The seasonal flu vaccine includes H1N1 and is recommended for everyone ages a months and older. Adult flu shots cost $14, and the FluMist costs $25. A higher-dose vaccine for adults 65 and older is available from some health care providers, but not the VNA. Child flu shots or FluMist cost $14 or less. Medicare and Medicaid are accepted; must bring card.
VNA drop-in flu clinics
Clinics are for all ages unless otherwise noted
4 to 6 p.m. Thursdays through Nov. 18 at Sunset Elementary
11 a.m. to 1:30 p.m. Nov. 2 at Centennial Mall, allowing people to vote and vaccinate
■ South Routt/Hayden
3:30 to 6:30 p.m. today at South Routt Elementary School in Yampa
4 to 6 p.m. Nov. 10 and Nov. 11 at Hayden Middle/High School
■ Steamboat Springs
4 to 6 p.m. Tuesdays through Nov. 30 at Steamboat Springs High School
9 a.m. to 4 p.m. Thursdays, Oct. 28 through Nov. 18 at the Steamboat VNA
11 a.m. to 2 p.m. Nov. 3 at Yampa Valley Bank (Adults ages 18 and older); part of the United Way 10K
Vaccinations also are available by appointment. Call 970-879-1632 in Steamboat or 970-824-8233 in Craig.
Say ‘Boo’ to the flu
■ Get a flu shot.
■ Wash your hands often and carry hand sanitizer.
■ Cough/sneeze into a tissue or your elbow — not your hands.
■ If you are sick, don’t go to work or school or visit others, especially older adults, pregnant women, infants or people with chronic medical conditions.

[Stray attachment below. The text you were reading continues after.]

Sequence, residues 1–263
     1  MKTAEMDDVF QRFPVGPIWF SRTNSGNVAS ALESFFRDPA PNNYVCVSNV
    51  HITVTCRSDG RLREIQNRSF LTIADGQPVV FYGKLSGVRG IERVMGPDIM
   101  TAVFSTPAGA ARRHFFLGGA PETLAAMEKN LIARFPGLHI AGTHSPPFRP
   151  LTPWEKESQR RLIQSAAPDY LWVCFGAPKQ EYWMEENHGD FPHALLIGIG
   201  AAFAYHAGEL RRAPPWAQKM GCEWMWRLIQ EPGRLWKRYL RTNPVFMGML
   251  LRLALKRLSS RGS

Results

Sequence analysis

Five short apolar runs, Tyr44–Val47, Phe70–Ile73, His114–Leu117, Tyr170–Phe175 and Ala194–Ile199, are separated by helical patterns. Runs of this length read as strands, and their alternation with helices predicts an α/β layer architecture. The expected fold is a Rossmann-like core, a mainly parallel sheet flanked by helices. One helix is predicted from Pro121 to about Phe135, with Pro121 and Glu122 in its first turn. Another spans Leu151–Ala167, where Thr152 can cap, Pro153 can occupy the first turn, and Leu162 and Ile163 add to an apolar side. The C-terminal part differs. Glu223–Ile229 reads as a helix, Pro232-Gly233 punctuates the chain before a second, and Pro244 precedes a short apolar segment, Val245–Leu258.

■ If you have an underlying medical condition and get the flu, contact your doctor immediately. An antiviral medication taken early on can help slow virus growth.
Source: Centers for Disease Control and Prevention and Northwest Colorado VNA
Steamboat Springs Last year, flu vaccination guidelines were muddled and confusing.
This year, the process is much clearer. There is just one vaccine, and the Centers for Disease Control and Prevention urges everyone ages 6 months and older to get it.
“It has to do with herd immunity,” explained Janice Poirot, public health nurse at the Northwest Colorado Visiting Nurse Association. “When there is a high level of population protected against any disease, it helps protect those not vaccinated.
“It’s another way of keeping vulnerable populations protected.”
A healthy person may not worry about getting very sick from the flu, but if they do get sick, they unknowingly could put others at risk.
It’s possible for a person to transmit the flu a day before symptoms appear. In that time, they could expose themselves to infants, elderly individuals, pregnant women or others at risk of getting very ill, Poirot said.
The best defense is for everyone to get vaccinated and also to be diligent about not going to work or school when they are very contagious, or when they have a fever and/or are coughing and sneezing.
Adults can “shed” the virus a week after symptoms subside, while children still can be contagious as long as 10 days after symptoms clear, Poirot said.
Older adults and flu
About 36,000 people die every year because of flu-related complications. Most hospitalizations and deaths are among older adults whose immune systems tend to be less efficient and who are more likely to have a chronic illness.
The flu can exacerbate conditions including diabetes, respiratory or immune-compromising diseases and heart, lung and kidney diseases.